Take it with a meal that contains fat to improve absorption. This also prevents stomach upset that may occur from taking it on an empty stomach.
I could go on for a long time touting the benefits of turmeric. It won’t cure everything, but it helps a multitude of problems because of its amazing ability to lower inflammation, and all the associated problems. Indeed, as I was told many years ago, it seems like a panacea:
Lowers blood pressure
Prevents memory problems
Prevents heart disease
Helps in the treatment of cancer
Slows the aging process
And this is just the beginning. This is not to say that all of disease would disappear, and we would all live forever if everyone took turmeric, but it is a great addition to any anti-inflammatory, anti-aging, or metabolic program to reverse such problems. I don’t think it would take the place of a good diet, but it sure is a great addition. Coming from me, the skeptical pill-pusher, this is significant. I don’t like taking pills, but not that I know the benefits, I’m going to use more turmeric!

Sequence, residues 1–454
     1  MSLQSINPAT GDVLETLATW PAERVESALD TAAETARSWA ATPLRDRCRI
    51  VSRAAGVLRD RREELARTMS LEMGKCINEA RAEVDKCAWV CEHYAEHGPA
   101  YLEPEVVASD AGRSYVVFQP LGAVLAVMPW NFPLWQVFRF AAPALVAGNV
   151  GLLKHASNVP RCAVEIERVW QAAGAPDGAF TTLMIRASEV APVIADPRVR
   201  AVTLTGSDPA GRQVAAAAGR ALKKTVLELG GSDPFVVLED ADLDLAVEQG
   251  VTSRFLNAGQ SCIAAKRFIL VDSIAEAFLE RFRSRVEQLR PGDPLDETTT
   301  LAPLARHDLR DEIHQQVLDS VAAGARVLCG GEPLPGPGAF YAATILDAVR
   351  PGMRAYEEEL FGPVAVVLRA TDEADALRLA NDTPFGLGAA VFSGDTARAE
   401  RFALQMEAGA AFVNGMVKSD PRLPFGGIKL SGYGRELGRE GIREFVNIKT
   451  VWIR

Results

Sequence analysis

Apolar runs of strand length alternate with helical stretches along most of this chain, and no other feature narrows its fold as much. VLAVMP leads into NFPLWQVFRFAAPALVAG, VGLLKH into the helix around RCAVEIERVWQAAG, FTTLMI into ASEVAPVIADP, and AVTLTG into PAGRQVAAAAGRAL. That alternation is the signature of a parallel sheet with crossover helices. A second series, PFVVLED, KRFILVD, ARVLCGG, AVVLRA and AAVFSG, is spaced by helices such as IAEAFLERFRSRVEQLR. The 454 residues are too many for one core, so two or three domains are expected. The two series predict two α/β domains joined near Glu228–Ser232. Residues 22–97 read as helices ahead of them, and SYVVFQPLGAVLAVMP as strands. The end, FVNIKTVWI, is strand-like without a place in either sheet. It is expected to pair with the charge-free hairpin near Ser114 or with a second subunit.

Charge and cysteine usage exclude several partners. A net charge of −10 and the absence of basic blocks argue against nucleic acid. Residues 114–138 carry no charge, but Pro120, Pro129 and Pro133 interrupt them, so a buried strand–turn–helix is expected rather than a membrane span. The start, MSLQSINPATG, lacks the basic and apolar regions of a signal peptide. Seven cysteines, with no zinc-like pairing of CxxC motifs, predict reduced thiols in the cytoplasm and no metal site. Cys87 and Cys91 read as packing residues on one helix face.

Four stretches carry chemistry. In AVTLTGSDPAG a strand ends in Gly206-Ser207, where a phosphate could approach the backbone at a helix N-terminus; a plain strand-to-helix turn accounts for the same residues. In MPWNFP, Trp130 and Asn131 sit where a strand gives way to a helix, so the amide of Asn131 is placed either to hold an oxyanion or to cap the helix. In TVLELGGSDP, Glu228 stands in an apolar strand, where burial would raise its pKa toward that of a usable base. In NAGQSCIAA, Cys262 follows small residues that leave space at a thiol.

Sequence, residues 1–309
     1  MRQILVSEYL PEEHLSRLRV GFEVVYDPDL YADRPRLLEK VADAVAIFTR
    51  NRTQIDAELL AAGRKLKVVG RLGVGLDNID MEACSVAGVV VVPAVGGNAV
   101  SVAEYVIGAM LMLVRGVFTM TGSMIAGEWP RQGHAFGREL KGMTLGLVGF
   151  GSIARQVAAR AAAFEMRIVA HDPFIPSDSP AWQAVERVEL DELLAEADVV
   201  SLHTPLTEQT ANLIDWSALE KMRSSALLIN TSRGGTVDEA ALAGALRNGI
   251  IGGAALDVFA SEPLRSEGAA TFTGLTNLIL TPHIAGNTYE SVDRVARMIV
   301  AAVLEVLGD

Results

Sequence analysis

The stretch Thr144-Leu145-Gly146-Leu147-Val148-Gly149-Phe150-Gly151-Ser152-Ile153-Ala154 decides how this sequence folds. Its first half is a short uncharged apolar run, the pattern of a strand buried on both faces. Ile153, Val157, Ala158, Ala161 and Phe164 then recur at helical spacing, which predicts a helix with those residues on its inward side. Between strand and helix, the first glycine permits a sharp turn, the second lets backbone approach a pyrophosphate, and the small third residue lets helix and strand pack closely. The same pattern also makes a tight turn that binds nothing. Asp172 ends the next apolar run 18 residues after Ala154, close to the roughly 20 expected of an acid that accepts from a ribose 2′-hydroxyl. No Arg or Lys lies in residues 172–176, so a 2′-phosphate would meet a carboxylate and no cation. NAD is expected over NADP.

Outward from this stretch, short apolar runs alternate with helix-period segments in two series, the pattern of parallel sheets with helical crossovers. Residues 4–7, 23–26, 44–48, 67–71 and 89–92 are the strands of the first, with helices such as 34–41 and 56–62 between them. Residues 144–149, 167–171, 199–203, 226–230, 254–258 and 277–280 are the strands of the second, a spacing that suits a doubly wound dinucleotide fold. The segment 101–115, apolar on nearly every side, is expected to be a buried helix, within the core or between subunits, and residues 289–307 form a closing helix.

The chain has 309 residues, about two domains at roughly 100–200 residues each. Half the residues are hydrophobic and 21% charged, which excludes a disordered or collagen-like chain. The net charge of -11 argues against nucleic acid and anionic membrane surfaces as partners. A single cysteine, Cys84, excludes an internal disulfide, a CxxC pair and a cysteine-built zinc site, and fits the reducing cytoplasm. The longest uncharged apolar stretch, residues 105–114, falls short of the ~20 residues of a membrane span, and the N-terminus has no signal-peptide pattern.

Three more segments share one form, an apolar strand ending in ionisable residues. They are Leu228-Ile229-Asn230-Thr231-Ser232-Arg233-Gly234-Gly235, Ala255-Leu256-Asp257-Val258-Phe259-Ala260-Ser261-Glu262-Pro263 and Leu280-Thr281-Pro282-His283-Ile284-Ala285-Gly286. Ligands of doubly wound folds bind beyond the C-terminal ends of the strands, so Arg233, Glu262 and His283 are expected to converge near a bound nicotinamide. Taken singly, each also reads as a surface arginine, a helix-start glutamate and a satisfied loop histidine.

3 Indian J Clin Biochem . 2015 Apr;30(2):180-6. doi: 10.1007/s12291-014-0436-2. Epub 2014 May 8.
Efficacy of Turmeric as Adjuvant Therapy in Type 2 Diabetic Patients
N Maithili Karpaga Selvi 1, M G Sridhar 1, R P Swaminathan 2, R Sripradha 1
4 Diabetes Care. 2012 Nov; 35(11): 2121–2127. Curcumin Extract for Prevention of Type 2 Diabetes
Somlak Chuengsamarn, MD,1,2 Suthee Rattanamongkolgul, MD,3 Rataya Luechapudiporn, PHD,4 Chada Phisalaphong, PHD,5 and Siwanon Jirawatnotai, PHD6,7
6 Endocrinology. 2008 Jul;149(7):3549-58. doi: 10.1210/en.2008-0262. Epub 2008 Apr 10.
Dietary curcumin significantly improves obesity-associated inflammation and diabetes in mouse models of diabesity; Stuart P Weisberg 1, Rudolph Leibel, Drew V Tortoriello
7 J Nutr Sci Vitaminol (Tokyo); . 2003 Aug;49(4):217-20. doi: 10.3177/jnsv.49.217.; Antioxidant activities of natural vitamin E formulations; Yousry Naguib 1, Siva P Hari, Richard Passwater Jr, Dejian Huang
8 Mol Nutr Food Res. 2012 Mar; 56(3): 454–465. Turmeric (Curcuma longa) inhibits inflammatory nuclear factor (NF)-κB and NF-κB-regulated gene products and induces death receptors leading to suppressed proliferation, induced chemosensitization, and suppressed osteoclastogenesis; Ji H. Kim, Subash C. Gupta, Byoungduck Park, Vivek R. Yadav, and Bharat B. Aggarwal
9 Plant Foods Hum Nutr . Winter 2002;57(1):41-52. doi: 10.1023/a:1013106527829.
Efficacy of turmeric on blood sugar and polyol pathway in diabetic albino rats; N Arun 1, N Nalini